• Pray for God to reveal any other areas that you may not even be aware are in need of log plucking.
  • Begin a process of daily thankfulness. It’s impossible to grateful and critical or bitter at the same time. They are as light and dark. Neither can occupy the same space at the same time
  • Journal daily. Set a regular time to do so. Just before bed is good time for me.


As I write this, I confess I’m fighting this un-empathic spirit. Removing a log or two from my own eye. Even putting these thoughts here for you to see, is a form of journaling. A form of purging the darkness of the critical mind and opening it up for the Light to enter.

Empathy is powerful. It builds up, not tears down. It produces grace, not condemnation.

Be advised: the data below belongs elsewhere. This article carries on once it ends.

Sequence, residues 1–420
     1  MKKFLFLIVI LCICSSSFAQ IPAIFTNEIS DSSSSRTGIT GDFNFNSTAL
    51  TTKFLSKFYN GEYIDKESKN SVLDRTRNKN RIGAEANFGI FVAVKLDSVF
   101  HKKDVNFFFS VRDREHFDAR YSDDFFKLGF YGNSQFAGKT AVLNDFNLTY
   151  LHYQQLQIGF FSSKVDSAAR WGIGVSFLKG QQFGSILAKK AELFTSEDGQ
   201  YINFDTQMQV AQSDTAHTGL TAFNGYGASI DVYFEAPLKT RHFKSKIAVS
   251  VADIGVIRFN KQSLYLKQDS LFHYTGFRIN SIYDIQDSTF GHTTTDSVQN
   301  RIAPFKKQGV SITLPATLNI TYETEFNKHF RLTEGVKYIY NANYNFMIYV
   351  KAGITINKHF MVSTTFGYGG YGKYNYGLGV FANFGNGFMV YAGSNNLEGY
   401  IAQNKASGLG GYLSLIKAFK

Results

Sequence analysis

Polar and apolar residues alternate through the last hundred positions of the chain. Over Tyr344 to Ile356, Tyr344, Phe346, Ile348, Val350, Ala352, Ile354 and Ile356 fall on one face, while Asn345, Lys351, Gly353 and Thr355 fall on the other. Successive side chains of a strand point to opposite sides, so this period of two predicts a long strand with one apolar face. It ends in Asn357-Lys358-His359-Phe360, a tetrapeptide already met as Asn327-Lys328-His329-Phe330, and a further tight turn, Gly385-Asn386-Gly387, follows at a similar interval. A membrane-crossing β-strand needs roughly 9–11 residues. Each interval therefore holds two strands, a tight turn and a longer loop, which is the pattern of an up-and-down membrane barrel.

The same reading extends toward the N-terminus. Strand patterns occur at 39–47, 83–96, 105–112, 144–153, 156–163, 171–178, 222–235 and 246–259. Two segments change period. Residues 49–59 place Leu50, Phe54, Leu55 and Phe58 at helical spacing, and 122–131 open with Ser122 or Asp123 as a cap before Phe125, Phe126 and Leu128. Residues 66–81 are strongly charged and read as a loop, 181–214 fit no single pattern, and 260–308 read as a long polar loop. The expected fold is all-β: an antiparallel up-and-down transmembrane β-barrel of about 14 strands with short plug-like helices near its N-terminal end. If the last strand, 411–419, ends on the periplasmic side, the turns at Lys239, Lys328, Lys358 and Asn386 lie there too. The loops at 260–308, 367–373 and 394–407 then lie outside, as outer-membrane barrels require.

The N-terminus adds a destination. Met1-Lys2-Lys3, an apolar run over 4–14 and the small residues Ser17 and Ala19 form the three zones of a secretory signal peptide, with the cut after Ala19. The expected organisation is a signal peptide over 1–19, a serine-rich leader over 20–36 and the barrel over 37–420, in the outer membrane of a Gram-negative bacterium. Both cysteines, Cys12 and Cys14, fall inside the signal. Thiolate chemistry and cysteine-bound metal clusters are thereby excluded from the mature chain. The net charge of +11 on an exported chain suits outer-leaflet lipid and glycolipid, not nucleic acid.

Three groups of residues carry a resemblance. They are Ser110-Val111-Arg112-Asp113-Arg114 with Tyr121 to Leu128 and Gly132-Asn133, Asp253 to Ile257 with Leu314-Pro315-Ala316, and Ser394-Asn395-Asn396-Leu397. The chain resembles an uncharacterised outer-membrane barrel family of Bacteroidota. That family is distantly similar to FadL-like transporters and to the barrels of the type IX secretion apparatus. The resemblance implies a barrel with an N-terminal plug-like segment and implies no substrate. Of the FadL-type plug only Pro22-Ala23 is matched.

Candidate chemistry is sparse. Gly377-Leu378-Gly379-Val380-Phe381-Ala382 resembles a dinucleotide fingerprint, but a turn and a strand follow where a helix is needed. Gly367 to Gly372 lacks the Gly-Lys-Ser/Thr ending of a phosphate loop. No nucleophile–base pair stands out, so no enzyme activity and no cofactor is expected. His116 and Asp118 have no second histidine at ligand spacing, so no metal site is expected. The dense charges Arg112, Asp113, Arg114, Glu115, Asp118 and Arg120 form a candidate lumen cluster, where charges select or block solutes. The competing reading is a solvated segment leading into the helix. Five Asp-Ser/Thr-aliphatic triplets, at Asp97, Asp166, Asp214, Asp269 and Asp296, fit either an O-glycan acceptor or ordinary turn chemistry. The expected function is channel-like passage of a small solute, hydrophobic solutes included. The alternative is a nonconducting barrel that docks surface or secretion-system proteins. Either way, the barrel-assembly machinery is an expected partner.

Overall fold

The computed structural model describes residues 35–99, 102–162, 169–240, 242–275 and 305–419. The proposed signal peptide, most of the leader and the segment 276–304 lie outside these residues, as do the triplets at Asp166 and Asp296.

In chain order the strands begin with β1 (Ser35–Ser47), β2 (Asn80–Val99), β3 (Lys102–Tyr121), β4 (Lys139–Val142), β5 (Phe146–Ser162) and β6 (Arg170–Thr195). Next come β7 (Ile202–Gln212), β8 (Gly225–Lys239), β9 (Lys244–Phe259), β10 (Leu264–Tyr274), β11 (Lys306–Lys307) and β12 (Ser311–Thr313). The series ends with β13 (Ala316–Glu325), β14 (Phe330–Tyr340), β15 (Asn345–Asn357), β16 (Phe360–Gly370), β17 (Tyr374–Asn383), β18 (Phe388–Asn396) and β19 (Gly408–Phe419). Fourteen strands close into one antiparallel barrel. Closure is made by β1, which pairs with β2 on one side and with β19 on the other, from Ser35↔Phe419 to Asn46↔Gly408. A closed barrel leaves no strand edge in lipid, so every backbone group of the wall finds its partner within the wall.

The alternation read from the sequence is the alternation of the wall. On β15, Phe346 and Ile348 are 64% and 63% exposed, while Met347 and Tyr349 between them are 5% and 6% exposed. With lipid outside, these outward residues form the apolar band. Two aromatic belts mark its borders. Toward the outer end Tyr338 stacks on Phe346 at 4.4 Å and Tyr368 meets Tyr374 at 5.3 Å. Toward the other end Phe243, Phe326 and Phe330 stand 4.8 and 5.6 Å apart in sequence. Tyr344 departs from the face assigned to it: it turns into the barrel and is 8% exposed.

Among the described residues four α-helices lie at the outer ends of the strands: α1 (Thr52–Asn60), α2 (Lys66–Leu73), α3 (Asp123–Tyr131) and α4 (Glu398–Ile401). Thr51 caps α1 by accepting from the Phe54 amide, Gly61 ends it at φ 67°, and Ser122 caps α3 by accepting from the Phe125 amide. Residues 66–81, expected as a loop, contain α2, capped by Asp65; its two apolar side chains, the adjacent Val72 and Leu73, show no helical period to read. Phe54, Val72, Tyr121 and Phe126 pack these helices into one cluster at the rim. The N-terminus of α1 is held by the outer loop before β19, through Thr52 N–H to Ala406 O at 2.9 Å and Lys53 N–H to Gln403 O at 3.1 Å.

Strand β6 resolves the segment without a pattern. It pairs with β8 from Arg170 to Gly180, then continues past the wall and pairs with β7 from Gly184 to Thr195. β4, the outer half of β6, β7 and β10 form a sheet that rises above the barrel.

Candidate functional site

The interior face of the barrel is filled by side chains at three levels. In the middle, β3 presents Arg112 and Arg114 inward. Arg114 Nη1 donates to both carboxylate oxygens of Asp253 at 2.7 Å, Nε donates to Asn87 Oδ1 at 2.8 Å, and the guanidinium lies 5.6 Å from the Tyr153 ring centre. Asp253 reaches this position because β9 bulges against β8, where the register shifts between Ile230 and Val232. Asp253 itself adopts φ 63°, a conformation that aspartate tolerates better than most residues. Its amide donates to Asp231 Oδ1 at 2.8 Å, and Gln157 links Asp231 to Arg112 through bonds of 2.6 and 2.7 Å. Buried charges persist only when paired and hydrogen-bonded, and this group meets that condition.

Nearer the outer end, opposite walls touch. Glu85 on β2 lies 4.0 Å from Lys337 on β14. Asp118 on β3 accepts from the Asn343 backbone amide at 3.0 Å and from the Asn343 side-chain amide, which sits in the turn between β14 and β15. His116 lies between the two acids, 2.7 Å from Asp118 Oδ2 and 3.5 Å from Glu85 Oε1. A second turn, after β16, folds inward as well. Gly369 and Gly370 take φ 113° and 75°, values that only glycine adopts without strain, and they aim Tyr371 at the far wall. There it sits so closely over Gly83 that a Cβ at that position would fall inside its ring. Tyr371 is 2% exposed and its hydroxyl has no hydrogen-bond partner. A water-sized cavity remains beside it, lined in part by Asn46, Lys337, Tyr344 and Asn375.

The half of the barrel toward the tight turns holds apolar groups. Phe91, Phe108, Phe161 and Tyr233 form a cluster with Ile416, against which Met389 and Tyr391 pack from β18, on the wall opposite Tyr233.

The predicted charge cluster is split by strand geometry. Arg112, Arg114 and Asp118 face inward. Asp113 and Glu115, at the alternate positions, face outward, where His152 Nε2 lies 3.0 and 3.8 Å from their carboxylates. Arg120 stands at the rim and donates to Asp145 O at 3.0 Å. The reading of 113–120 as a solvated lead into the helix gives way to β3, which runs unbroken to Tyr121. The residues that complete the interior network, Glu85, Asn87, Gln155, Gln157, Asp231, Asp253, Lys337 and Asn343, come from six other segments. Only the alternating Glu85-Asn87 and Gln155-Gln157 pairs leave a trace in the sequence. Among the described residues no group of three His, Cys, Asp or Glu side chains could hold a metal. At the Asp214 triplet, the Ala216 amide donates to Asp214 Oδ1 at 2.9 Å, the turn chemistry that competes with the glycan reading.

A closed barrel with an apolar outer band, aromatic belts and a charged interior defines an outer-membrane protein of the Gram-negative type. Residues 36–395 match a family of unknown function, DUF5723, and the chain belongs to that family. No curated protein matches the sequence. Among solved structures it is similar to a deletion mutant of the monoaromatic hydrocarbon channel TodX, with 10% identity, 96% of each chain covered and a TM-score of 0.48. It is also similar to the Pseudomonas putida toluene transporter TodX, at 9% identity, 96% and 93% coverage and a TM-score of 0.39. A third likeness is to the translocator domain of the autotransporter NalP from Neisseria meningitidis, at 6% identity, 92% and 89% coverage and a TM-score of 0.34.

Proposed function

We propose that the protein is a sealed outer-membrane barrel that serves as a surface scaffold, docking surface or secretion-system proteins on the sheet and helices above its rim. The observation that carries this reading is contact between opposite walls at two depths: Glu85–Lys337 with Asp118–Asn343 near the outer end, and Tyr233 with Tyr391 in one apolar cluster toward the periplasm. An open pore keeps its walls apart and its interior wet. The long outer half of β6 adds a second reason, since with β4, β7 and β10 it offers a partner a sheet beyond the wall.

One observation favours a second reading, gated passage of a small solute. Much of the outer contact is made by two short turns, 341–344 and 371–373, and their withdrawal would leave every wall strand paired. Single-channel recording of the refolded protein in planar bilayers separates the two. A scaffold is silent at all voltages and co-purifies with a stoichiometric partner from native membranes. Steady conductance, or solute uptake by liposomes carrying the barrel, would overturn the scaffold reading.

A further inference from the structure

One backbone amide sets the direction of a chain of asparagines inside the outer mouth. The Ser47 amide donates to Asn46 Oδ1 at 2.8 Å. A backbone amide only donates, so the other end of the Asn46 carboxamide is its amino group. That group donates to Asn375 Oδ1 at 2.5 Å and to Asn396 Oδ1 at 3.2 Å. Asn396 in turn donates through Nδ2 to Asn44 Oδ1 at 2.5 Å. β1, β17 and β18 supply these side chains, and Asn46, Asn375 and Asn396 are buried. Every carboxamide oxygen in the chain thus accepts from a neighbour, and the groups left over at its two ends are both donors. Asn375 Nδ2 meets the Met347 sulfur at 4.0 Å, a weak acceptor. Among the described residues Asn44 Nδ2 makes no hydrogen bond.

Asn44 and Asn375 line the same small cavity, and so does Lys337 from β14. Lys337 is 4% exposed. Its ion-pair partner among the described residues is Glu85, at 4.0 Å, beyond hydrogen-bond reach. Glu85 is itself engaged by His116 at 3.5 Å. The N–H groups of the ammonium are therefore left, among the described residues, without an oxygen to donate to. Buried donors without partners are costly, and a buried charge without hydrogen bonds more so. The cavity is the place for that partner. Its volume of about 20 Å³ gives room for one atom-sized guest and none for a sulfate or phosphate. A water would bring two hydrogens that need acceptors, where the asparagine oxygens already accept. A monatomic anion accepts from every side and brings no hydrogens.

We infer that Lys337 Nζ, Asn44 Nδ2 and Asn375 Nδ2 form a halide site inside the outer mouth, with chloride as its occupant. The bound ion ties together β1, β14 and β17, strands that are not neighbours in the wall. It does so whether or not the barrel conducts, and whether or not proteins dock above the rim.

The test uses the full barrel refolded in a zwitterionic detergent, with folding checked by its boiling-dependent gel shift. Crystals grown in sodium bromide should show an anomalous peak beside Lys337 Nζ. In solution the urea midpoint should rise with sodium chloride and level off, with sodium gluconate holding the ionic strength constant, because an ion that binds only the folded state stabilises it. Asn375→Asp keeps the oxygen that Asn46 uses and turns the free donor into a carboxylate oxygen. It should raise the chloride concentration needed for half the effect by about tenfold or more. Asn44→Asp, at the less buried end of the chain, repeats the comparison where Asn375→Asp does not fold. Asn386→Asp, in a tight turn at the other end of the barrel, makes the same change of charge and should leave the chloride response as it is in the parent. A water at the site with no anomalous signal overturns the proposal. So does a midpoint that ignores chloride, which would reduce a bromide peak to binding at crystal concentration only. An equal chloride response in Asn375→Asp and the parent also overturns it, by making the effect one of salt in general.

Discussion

It gives life and breeds a joyful heart. Gives opportunity to healing.

Empathy, you are welcome here. Come on in.


Dan Wobschall is the founder of Untangled Men & Marriage, a ministry focused on sexual integrity for men and marriages, where he speaks nationally on the dangers of pornography, spiritual servant leadership and the freedoms of walking in sexual integrity.  

After having spent 32 years in the public safety arena, he was called into ministry as a Communication Coordinator of a local church serving in leadership areas of men’s ministry, publications, scheduling and more.

Dan has been with BoldPath Life Strategies team since 2013 as the leader of their Personal Coaching Practice, helping mentor individuals as they navigate their way in discovering the calling God has on their life.

Dan has recently joined the staff of Be Broken Ministries as Program Director and Mentor Trainer for the south eastern (Florida) United States. Be Broken Ministries home base is in Garden Ridge, Texas. 

He and his wife Julie have been married for thirty plus year and are proud to have three adult daughters. Dan is currently pursuing a Biblical Counseling certification, as his hearts passion is to see the kingdom of God thriving in the lives of men and marriages.